WB High grapplers having strong seasons

By: Christian Davis | West Bloomfield Beacon | Published January 25, 2013

 West Bloomfield High’s Mario Giglio has his hand raised after another victory.

West Bloomfield High’s Mario Giglio has his hand raised after another victory.

Photo by Deb Jacques

To West Bloomfield High wrestling coach Greg Alessi, there’s not much of a secret to being a successful grappler.

“To be good at this sport, you have to be physically exceptional and you have to really work at it,” he said. “What good programs have are successful kids, then the other kids say, ‘I want to be like him.’ Then those kids in the room make everyone else better around them. That’s why it’s no surprise that our three best kids all weigh around the same. They work together every day.”

Alessi’s best are juniors Ross Bahro and Mario Giglio, and sophomore Matt Gudenau.

Coming off an eighth-place finish at last season’s Division 1 state final, Bahro was 29-1 at press time at 125 pounds. His only loss came at the Oakland County Tournament, where he finished second.

“Ross is a motorboat that doesn’t stop. He’s physical, and he doesn’t stop moving,” Alessi said.

Gudenau was 25-3 overall at 130 pounds. 

“Matt is more of an intellectual wrestler, where he slows the match down,” Alessi said. “He thinks about things, and he’s very deliberate. He has a lot of 3-2, 5-2 matches, where Ross has pins or a lot of (technical falls).”

Giglio was 18-6 at 135 pounds at press time and had placed eighth at the Oakland County Tournament. 

“Mario is probably a mix of Ross and Matt. He’s a little more physical than Gudenau, but his motor doesn’t run as much as Ross’. The three have contrasting styles, and they’re still developing. They’re still figuring out what’s best for them,” the coach said.

Alessi believes that Bahro can go even further in the state tournament than he did last season, and that Giglio and Gudenau are strong enough to qualify for the state finals for the first time.

“Every single one of them put in the extra time, and it’s paying off. Those are our guys, and hopefully, they’ll have a nice little run when we get to the postseason,” Alessi said. “It’s tough to do. You have to wrestle a lot of good teams to get there. A lot of it is good fortune and wrestling well at the right time. Sometimes, you have to go there once just to appreciate it, because it can be overwhelming.”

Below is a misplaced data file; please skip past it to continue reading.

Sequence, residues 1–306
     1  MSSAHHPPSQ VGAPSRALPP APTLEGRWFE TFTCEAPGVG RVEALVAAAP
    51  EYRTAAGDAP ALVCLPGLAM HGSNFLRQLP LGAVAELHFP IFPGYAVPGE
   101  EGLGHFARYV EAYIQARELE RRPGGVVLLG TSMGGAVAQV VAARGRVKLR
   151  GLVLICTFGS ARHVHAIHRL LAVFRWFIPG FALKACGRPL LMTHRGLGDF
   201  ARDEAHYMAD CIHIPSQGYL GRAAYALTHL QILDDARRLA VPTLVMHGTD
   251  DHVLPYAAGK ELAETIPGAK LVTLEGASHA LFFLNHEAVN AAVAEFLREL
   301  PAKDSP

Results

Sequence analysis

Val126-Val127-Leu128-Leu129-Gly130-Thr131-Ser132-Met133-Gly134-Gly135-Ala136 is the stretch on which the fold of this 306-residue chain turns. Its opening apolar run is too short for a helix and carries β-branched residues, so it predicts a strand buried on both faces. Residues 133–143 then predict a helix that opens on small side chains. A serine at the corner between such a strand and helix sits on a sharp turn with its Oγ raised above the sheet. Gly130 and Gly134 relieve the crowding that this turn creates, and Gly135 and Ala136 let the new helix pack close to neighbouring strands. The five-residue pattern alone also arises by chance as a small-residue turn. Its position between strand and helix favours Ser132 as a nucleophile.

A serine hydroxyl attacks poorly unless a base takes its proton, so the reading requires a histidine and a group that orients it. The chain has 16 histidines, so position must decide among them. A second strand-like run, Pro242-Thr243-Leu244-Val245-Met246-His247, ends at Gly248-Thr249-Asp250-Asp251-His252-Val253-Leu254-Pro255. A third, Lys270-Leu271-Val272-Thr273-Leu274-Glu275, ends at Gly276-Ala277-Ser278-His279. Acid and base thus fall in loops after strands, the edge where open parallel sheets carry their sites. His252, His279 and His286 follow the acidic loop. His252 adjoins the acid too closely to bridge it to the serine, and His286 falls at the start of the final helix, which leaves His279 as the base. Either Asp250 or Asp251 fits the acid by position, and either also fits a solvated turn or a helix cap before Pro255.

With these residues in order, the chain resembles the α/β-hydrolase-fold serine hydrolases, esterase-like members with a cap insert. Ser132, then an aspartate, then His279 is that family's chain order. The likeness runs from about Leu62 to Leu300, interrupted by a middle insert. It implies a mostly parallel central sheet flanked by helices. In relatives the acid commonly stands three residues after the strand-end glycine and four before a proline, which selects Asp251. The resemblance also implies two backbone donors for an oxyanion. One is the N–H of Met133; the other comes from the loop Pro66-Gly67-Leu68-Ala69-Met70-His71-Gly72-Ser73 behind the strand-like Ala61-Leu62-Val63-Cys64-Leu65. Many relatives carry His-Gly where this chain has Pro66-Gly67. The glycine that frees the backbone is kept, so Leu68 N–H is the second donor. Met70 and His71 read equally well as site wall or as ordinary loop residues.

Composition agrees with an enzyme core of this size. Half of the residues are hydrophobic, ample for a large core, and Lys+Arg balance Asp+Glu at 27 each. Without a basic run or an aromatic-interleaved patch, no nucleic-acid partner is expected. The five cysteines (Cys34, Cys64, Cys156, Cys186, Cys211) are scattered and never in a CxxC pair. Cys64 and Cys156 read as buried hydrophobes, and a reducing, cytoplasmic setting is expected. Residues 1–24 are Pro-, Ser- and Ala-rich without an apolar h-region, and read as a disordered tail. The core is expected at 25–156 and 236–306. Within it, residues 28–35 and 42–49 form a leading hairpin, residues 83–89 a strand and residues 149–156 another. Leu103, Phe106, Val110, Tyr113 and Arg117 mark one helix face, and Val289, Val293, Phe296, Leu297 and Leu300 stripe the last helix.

Bahro said he’s not surprised by his success and his teammates’ because they push each other every day at practice, and like Alessi said, all good wrestlers do put in the work.

“We push each other really hard. If one of us is slacking, we don’t let that happen,” Bahro said.

The trio pushed each other in the offseason, as well.

“It’s almost like getting a whole other season in before the real season. You grow as a wrestler and pick up things,” Bahro said. “A lot of times during the season, you’re worried about making weight almost instead of improving. So in the summer, it’s a lot less stressful, and you can figure out what you’re good at doing.”

As a team, the Lakers were 8-10 overall and 1-2 in the Oakland Activities Association White Division. The coach said much of the struggles have come from a lack of depth.

Bahro said he sees a bright future for the Lakers.

“We’re growing as a team, a lot. I think we’ll be pretty solid next year. We have a lot of juniors, and I think we’ll be a force to be reckoned with,” he said. “Right now, I think a lot of wrestlers are still finding their groove.”